3. I have a house in the country and a house in the burbs. (I know. I'm very fortunate and I do appreciate that fact.) But it is rarely that one hears someone extolling the virtues of the family-oriented burbs, Amber, and so I appreciate what you're saying. I'm not sure what it is that has made people feel that living in the city is morally superior to living in the suburbs, even though, of course, I understand the sprawl, reliance on the car, etc.( I'm not even sure that I like associating with anyone who feels morally superior to a whole other group of people, but I digress.) However , having raised a family here I can tell you that, for kids, it's great. It's not about where we live that is important , it's how we live and who we are. And, of course, it's about the community we create, which can be anywhere. You seem to be creating a wonderful life in the burbs with your family and your cucumber patch :-) Good on ya!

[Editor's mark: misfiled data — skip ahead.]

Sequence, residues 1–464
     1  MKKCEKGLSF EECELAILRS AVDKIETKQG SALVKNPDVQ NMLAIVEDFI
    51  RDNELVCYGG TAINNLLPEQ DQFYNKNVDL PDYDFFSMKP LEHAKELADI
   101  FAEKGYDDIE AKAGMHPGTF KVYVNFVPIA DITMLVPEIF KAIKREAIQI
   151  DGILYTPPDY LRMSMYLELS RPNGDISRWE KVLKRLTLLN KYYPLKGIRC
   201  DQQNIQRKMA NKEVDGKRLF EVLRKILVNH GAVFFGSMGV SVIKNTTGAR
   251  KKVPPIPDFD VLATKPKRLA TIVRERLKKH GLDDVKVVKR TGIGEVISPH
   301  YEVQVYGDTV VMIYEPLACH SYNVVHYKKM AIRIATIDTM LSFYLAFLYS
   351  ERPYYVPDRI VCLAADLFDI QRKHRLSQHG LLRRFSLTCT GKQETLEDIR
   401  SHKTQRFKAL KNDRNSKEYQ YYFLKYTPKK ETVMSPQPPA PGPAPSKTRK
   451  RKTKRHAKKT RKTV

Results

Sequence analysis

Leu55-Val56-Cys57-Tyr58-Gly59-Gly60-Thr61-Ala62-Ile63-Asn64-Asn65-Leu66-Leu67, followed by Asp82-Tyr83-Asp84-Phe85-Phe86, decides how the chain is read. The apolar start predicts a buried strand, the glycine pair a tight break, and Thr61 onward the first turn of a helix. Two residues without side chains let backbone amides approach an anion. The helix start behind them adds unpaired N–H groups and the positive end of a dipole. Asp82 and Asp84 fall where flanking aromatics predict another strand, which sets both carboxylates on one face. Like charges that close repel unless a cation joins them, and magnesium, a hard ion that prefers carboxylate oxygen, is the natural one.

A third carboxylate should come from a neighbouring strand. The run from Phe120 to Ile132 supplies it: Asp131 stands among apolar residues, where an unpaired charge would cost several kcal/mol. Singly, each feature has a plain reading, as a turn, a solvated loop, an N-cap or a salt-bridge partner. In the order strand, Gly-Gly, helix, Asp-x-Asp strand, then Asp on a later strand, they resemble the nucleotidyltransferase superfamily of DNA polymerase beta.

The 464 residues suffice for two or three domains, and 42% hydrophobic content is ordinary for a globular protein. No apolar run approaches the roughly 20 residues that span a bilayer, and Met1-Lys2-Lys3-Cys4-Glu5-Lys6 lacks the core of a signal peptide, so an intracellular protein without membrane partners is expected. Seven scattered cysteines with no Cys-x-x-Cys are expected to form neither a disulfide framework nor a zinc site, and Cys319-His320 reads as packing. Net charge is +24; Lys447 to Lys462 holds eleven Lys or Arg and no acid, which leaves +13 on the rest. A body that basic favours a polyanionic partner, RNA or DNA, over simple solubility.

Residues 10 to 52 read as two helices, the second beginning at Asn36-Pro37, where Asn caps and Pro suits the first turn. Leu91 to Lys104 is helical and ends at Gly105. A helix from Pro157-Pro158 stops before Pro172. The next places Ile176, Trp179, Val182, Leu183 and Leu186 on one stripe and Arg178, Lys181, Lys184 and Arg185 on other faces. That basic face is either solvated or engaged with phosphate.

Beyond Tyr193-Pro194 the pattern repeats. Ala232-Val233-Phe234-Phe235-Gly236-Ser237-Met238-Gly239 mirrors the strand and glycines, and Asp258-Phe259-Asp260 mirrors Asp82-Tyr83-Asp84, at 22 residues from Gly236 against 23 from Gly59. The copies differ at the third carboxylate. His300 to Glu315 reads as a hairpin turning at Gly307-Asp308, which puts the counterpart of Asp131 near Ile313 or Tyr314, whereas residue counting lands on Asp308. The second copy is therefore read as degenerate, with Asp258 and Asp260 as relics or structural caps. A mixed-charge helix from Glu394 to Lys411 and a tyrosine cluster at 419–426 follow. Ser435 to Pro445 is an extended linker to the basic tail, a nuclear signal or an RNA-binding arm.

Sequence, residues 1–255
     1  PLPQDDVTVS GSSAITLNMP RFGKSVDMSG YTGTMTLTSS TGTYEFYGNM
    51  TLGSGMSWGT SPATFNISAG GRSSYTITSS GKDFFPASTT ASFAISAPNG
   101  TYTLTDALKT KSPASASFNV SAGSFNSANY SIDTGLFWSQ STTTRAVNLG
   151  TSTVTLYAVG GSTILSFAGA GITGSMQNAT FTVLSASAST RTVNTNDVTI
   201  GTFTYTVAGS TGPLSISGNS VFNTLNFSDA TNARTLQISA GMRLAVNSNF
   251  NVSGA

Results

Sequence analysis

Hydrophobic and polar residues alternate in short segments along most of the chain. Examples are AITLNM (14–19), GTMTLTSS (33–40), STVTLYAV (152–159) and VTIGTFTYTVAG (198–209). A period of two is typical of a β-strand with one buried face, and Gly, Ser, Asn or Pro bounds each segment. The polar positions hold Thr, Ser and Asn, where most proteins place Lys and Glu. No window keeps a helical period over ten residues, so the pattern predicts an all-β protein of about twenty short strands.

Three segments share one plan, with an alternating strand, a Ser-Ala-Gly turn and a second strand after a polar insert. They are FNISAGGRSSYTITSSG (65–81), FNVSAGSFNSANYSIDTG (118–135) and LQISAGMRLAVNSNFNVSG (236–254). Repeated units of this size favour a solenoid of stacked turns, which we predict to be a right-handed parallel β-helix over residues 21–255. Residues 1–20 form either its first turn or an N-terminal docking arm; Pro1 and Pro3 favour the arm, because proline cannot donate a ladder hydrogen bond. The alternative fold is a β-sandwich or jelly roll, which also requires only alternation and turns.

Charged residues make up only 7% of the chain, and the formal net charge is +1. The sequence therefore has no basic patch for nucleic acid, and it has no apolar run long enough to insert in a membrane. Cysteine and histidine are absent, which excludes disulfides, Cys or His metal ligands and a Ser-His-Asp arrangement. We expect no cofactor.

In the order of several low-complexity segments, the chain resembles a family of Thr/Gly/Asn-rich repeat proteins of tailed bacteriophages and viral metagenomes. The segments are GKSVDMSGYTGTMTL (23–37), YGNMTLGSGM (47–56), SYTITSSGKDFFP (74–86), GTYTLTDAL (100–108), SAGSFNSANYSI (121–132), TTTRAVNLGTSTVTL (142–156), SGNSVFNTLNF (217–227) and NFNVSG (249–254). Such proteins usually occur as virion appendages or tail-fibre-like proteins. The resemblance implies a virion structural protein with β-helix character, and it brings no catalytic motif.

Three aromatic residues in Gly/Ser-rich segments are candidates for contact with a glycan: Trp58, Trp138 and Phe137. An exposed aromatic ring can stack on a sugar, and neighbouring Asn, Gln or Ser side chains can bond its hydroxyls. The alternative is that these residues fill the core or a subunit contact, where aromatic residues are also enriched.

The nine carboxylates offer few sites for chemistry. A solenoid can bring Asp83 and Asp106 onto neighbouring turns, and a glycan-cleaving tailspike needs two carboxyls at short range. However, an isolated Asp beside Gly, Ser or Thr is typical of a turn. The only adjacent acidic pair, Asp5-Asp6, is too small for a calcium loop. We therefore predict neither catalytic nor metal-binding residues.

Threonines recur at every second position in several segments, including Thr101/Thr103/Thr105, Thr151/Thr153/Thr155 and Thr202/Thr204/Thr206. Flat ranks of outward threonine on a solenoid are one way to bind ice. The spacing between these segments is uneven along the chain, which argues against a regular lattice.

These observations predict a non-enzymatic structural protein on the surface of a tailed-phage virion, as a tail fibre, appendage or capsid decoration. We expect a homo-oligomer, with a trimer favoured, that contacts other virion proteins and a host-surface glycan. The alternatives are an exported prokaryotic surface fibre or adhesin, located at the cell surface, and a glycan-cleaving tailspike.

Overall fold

4. I think I recognize your neighbourhood! Looks just like the houses near where I grew up. We feel like we've struck a good balance in New West. Our immediate neighbourhood is all that's good about suburbia (gardens, neighbourliness, parks, quiet streets suitable for toddler walks), and yet we're not far at all from the city either by public transit or car. We've also got good local shops & eateries to visit when we want somewhere to go. I kind of appreciate having a bit of a buffer between us and the big city. Working downtown there are so many temptations to spend money on, and so little of it is necessary. Making it just a little more work to go spend money helps keep more of it in your pocket! When we lived downtown, it was definitely fun (and convenient for work) but we ate out all the time, and made a lot more unnecessary impulse purchases.